And did I mention the hotness?
Foam tends to be hot. I’ve always been pretty warm at night, usually sleeping with my feet outside the covers. Then menopause happened with nocturnal hot flashes. I need a bed that sleeps cool.
Enter special designs that somehow makes the foam sleep cool, except I’m not sure I believe it. Especially because all of these mattresses are covered with that velvety polyester material that is by definition warm.
What about latex?
Latex mattresses, such as the Casper, are all the bomb these days, supposedly moulding to your body and also supposedly excellent for people with pain.
I’m allergic to latex.
Tempur-Pedic gets its own category
Everything I’ve read about mattresses and chronic pain mentions Tempur-Pedic. I looked at their website, and decided what I needed was a mattress in the ES class, which is softer than many of the others. The problem with mattresses is that they are also higher than others (see height issues above). After a couple of frustrated excursions to unhelpful places, we went to The Brick. We get there, looked at the Tempur-Pedic’s lined up three in a row. Unfortunately, they were the TEMPUR-Flex, but it was worth a try.
The softest mattress was too high, so I decided to try the one I could get into, to attempt to guess whether that would work. It wouldn’t. But while lying there, I took a look at the other beds and asked whether we can push them together.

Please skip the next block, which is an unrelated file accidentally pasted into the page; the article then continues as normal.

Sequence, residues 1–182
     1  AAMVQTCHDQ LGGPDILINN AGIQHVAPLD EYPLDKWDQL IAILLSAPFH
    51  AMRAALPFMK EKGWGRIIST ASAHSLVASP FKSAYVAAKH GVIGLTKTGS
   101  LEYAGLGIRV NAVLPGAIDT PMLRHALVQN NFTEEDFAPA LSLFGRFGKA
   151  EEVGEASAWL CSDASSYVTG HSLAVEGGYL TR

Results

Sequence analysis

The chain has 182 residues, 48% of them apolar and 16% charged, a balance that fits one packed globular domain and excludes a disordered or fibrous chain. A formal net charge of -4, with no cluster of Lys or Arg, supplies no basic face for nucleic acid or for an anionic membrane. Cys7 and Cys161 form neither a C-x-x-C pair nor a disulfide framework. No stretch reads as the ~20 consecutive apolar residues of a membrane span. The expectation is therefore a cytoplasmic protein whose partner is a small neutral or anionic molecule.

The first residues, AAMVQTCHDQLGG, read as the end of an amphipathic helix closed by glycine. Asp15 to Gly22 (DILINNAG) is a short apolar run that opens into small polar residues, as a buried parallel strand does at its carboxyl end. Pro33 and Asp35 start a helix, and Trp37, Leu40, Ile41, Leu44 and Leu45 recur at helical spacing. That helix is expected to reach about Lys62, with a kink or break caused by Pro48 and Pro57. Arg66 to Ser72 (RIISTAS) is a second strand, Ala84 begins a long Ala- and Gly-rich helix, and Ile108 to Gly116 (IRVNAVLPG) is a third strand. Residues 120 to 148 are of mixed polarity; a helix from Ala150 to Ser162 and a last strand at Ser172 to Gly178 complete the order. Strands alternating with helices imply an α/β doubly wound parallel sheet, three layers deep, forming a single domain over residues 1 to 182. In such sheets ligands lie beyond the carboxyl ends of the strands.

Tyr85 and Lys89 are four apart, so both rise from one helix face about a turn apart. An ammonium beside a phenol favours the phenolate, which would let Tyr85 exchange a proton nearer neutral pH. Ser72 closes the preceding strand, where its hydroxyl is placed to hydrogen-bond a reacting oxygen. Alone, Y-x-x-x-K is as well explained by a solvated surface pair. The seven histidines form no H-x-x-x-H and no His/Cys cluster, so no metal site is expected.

We could. First pushing the firm to the medium-firm, and then the medium-firm to the medium-soft. And then I slowly inched my way along the velvety polyester fabric, sort of like a sideways inchworm. I made it to the medium and that didn’t work, then made my way to the medium-soft version. Not soft enough.
And then I had to inch my way back across 15 feet of velvety material that afforded such a level of friction that my pants almost came off!
I did some more research and discovered that The Bay had the ES line. I called, and they were willing to arrange moving mattresses around. However, they only had the soft Tempur-Pedic, because anything softer than that was too soft to sell much. Although the mattress was fairly comfortable, it was obvious that I needed to go at least a level softer. But even if that could be achieved, there are three other significant issues.
One is the gully. Because memory foam mattresses adapt to your body, essentially creating a you-sized shape in the mattress and that can be hard to get out of, especially for people with limited mobility.
The second is that the memory foam would probably make this mattress sleep fairly hot. Problem three is that Tempur-Pedic are known for offgassing for quite a while.
Where am I now?
A bit stuck. All I want is to go back in time and pick between a firm, medium, and soft spring mattress that I could then bring back to the present.
More to come.